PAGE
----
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Dredging Up Bad Memories

4 minute read

The lustrations currently sweeping Central and Eastern Europe first broke out in Slovakia, where late last year the government-sponsored Institute of National Memory (UPN) began publishing the names of some 10,000 alleged collaborators from the files of the former secret police, the StB. The final batch of names was released earlier this month. Among the accused is Archbishop Ján Sokol, 71, one of the country’s three most senior prelates and an opponent of the communist regime. Yet according to StB records, Sokol agreed to collaborate with that regime just as it was collapsing in 1989. Sokol says his registration as “agent” was forged and denies informing on his peers. “I sleep well,” he told TIME. “My conscience is clear.” Sokol is planning to sue to clear his name.

The reliability of the StB records has been found wanting in the past. In the neighboring Czech Republic, where StB files were first officially released in 1996, around 800 people have so far challenged the accuracy of their records in the courts, and 70% have succeeded in clearing their names, according to the Czech Ministry of the Interior. Still, other Catholic clergymen have appeared on StB lists, and last month the Slovak Bishops’ Conference issued an apology: “We concede that some clergy were in the service of the StB, and we don’t want to defend them,” it said. Despite the controversy, the Slovak government backs the UPN’s efforts.

In Lithuania, where an explosive list of 60 alleged KGB “reservists” was posted on the Web last month, high-profile politicians have been targeted. The list included Foreign Minister Antanas Valionis and two other senior Lithuanian officials. A parliamentary commission appointed to investigate the charges confirmed the list’s authenticity earlier this month, but noted that KGB “reservists” were not necessarily agents, and that the presence of these men in government does not compromise national security. Opposition members are still insisting they step down.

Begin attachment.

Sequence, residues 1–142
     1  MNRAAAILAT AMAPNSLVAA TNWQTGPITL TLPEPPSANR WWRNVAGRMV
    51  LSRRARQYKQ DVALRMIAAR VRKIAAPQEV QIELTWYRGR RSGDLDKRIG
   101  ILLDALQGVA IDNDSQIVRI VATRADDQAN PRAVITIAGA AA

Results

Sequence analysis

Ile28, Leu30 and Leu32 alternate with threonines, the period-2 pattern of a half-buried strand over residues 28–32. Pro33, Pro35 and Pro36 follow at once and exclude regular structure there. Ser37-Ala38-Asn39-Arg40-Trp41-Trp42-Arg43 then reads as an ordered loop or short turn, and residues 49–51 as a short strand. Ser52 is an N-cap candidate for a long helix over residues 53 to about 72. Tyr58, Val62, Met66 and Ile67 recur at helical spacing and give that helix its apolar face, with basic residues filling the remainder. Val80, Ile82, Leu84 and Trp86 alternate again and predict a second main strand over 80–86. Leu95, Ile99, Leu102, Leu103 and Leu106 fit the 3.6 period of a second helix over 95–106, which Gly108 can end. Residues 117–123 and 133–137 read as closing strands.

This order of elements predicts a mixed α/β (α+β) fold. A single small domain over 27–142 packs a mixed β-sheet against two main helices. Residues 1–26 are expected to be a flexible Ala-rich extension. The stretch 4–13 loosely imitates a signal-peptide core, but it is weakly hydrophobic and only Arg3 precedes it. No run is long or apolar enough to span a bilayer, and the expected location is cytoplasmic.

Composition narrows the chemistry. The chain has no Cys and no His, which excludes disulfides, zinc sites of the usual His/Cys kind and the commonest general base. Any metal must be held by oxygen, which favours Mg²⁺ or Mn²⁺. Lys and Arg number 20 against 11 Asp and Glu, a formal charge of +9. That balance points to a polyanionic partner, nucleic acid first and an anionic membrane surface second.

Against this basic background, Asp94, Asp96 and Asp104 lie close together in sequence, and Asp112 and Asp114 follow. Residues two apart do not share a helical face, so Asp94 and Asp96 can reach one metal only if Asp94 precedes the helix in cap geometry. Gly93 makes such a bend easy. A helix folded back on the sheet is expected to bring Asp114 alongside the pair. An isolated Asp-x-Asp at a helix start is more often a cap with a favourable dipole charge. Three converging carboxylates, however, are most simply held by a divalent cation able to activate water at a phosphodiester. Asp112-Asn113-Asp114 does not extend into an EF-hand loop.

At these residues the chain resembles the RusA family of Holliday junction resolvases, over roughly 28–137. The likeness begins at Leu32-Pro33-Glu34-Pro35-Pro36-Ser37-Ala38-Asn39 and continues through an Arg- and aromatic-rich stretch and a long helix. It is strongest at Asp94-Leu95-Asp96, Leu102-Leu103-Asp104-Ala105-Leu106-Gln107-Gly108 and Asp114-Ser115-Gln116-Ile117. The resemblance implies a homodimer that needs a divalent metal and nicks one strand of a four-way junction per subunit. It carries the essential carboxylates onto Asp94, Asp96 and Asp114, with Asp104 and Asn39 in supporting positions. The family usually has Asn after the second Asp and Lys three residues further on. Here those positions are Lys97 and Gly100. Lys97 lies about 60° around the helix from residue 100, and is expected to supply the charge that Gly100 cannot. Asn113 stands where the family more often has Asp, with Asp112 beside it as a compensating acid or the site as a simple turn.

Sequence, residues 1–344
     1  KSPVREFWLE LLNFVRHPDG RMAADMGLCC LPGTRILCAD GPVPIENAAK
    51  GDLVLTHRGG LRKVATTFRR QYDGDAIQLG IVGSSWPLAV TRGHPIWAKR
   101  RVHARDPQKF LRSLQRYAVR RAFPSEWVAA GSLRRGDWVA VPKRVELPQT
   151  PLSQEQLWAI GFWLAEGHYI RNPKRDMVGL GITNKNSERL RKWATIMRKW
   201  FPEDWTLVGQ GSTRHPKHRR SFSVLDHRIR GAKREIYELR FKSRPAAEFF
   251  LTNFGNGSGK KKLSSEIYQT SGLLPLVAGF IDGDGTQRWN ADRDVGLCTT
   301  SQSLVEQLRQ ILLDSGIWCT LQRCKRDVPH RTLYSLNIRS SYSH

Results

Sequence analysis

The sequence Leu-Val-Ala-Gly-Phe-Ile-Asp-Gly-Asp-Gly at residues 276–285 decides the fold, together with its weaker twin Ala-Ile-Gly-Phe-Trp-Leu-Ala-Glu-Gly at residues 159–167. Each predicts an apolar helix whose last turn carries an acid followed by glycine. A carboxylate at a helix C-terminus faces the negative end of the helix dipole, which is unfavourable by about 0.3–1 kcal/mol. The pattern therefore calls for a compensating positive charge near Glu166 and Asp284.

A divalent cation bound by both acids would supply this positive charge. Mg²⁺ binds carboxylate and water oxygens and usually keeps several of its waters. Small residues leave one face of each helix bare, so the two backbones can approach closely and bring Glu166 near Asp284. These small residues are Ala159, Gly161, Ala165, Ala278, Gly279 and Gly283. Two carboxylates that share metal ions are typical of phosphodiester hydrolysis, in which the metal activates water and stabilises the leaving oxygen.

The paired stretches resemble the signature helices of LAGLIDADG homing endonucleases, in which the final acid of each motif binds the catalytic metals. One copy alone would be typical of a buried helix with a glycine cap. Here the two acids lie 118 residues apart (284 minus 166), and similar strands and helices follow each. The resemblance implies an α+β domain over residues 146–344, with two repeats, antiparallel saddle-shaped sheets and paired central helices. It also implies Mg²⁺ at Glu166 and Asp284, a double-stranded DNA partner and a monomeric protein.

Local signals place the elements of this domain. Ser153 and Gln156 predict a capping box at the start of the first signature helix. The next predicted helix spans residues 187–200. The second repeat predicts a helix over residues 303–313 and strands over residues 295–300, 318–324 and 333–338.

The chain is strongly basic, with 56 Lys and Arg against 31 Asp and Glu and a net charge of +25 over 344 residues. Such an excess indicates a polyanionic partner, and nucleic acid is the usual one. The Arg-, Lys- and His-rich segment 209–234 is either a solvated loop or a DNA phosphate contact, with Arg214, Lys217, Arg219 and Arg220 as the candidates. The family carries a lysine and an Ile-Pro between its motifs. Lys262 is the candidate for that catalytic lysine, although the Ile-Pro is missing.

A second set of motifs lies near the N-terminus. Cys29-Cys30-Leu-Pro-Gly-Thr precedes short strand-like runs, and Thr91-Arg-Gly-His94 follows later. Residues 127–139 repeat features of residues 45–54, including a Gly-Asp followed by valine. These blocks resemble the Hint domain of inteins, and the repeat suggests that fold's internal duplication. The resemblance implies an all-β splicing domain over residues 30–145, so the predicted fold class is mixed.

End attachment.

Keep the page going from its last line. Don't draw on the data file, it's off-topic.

In yet another case of “wild,” or unregulated, lustration, the Hungarian think tank Political Capital released its own list of 60 alleged collaborators last month, the first of what Krisztián Szabados, the organization’s co-director, says are 150,000 Hungarians known as agents or informers. The aim is “to pressure the political élite” to open the files and “end the political games that have been poisoning Hungarian society for 15 years,” Szabados says. “We want to finish with this story.” In the past, names have been selectively released for political advantage. It was an opposition newspaper which, in 2002, first printed news that then Prime Minister Peter Medgyessy was a counterintelligence agent under the communist regime. Medgyessy conceded the fact, but said he had been acting in the Hungarian national interest against the U.S.S.R.

Political Capital’s disclosures include the name of István Csurka, leader of the ultraconservative Hungarian Justice and Life Party. Csurka, 70, told TIME that he was broken while in prison camp following the failed 1956 uprising against communist rule. He said he signed a loyalty document but did not follow through. “The police contacted me but I hid from them. I tried to deceive them,” he says. Csurka says the current effort shouldn’t focus on alleged small fry like him, but on senior agents he claims now hold posts in today’s socialist coalition government. “They should start at the top,” he says. “There are hours of the night that I spend thinking what I should have done. Yes, it would have been good to be a hero. But I decided not to and not only because of harassment and torture. I wanted to give myself a chance to have a life.”

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